fascism

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a political theory advocating an authoritarian hierarchical government (as opposed to democracy or liberalism)

References in periodicals archive ?
The story expands into a telling portrait of fascist times and their brutal methods of intimidation and the manipulation of public opinion, which is applicable to the European situation.
Chapter 2 examines Fascism from the perspective of Sir Oswald Mosley's British Union of Fascists (BUF).
Chapter 2 focuses on the relationship between Grandi and the British Fascists between 1932 and 1934, on Grandi's role as a mediator between Italian and British Fascism (a relationship which was complicated by the advent of Nazi Germany), and on his activities meant to transform the Italian community in Britain into a Fascist nation within a foreign society.
The prevailing historical consensus is that the Munich Accord of 1938 was the critical event, the appeasement that enabled the fascist conquest of Europe.
She also misses the probable causal effect that the use of illegal violence had in forcing the Fascists to vie for state power, even though it clearly fits her own paradigm.
These points distinguish ARA from mainstream "anti-hate" groups that avoid confrontation with fascists and rely on police intervention when things get ugly.
Indeed, as underlined throughout the literature, the idea of the donna-crisi, constructed by the Italian fascist regime in the early 1930s, stands opposite the donna-madre: the self-sacrificing housewife and fecund mother par excellence, responsible for perpetuating the Italian race.
Specifically, it involves the false--but widely accepted--dichotomy that designates socialists, communists, and anarchists as "left-wing," while characterizing Nazis and fascists as "right-wing.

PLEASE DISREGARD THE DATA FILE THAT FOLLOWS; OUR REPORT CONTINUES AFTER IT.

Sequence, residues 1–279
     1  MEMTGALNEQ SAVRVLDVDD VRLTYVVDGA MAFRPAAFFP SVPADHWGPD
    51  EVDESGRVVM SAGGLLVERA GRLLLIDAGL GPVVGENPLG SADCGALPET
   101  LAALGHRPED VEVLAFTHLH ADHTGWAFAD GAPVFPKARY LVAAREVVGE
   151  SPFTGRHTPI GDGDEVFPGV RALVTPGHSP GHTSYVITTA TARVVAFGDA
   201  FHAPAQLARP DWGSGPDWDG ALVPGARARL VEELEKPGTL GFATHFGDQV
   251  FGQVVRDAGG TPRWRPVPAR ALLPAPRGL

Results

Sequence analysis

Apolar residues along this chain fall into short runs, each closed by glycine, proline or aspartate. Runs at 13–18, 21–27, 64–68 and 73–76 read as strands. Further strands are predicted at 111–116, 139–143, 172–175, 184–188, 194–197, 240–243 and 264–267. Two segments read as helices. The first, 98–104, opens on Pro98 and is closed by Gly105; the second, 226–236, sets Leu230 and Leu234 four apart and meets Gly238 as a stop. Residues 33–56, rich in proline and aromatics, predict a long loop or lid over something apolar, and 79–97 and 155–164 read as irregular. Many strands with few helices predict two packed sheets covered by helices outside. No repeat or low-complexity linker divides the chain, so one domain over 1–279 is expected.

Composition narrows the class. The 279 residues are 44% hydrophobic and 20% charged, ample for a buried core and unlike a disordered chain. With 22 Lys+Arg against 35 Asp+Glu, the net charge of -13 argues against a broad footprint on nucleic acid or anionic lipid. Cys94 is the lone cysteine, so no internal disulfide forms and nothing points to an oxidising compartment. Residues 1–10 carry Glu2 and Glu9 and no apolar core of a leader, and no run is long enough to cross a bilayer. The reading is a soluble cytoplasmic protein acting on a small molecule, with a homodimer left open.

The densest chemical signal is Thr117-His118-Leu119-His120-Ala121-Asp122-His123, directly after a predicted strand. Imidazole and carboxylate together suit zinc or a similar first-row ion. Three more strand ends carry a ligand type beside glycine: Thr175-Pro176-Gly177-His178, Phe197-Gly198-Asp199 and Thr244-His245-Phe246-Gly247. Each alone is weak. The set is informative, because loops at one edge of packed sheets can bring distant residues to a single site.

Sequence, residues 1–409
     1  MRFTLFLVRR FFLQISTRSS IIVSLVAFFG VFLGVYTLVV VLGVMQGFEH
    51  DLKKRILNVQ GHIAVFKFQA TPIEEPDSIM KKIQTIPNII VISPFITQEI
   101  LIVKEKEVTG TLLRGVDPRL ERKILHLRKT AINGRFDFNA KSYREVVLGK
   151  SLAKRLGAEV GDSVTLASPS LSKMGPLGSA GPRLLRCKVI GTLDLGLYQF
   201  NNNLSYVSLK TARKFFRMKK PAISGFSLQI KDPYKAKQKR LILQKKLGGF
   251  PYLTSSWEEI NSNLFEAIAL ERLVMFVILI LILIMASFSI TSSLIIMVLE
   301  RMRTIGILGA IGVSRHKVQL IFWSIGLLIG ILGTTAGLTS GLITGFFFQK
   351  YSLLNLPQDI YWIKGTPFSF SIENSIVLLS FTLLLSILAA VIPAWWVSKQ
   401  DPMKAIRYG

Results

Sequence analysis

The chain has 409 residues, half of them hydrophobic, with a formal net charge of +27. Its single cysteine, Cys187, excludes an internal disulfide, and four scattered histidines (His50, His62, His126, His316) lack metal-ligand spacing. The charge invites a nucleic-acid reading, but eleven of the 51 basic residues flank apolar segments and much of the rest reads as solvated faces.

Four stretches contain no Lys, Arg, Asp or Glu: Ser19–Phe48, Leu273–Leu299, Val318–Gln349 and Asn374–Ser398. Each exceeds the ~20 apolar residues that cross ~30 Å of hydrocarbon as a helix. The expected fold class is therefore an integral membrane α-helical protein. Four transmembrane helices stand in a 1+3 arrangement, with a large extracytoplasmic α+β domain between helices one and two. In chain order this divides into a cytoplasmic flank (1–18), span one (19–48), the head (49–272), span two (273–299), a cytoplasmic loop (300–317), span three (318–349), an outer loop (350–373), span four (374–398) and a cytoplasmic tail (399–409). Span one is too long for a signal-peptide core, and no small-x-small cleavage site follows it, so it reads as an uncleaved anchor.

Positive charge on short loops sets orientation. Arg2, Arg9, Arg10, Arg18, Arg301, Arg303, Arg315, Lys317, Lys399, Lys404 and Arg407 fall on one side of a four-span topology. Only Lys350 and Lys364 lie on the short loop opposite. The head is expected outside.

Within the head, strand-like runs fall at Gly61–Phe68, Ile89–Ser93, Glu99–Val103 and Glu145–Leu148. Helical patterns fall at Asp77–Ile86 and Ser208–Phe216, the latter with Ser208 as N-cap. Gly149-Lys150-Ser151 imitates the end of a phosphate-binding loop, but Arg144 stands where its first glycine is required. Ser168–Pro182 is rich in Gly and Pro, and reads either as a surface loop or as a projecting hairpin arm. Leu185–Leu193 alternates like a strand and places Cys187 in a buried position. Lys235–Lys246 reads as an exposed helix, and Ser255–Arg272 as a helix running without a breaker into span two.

When anti-fascists have the courage to confront fascists on the street, it's only a matter of time before ethnic communities and other targets of bigoted harassment join the resistance.
html) Battle of Cable Street , when a march of 5,000 uniformed Blackshirts led by the leader of the British Union of Fascists, Sir Oswald Mosley, was greeted by an estimated 100,000 anti-fascist protesters.
The study charts the efforts of German and Italian fascists to create a pan-European culture of nationalism, xenophobia, and anti-Semitism by creating new institutions, such as the European Writers Union, and by enlisting European artists, musicians, filmmakers, and writers.
Some notable witticisms include: the suggestion that activists throwing eggs and flour at fascists might also have been able to turn-out a nice quiche (p192); the deadpan description of 'the 1980s [as] one of the most violent decades since the 1970s' (p206); and euphemisms for fighting as a 'vigorous encounter' (p271) or a 'short but frank and to the point discussion' (p245).
We are here faced by fascists," Hilary Benn, the Labour Party's foreign affairs spokesman, declares to the House of Commons, by way of arguing for British intervention in Syria.
For quite a while, Mussolini himself was exempted from such criticism; but because opinion increasingly viewed him as a different species from everyday Fascists, he ironically came to be viewed as a sort of monarch or pope familiar from the past who was sadly misled by wicked counsellors.
The unsuspecting reader of our partisan media will go on being be made to believe that fascists are one or more of the following villains: anti-American jihadists, outspoken opponents of immigration here and in Western Europe, Democratic presidential candidates, Israeli soldiers, homophobic Christians, foreign-policy isolationists, or the nationalist governments of Viktor Orban in Hungary and Vladimir Putin in Russia.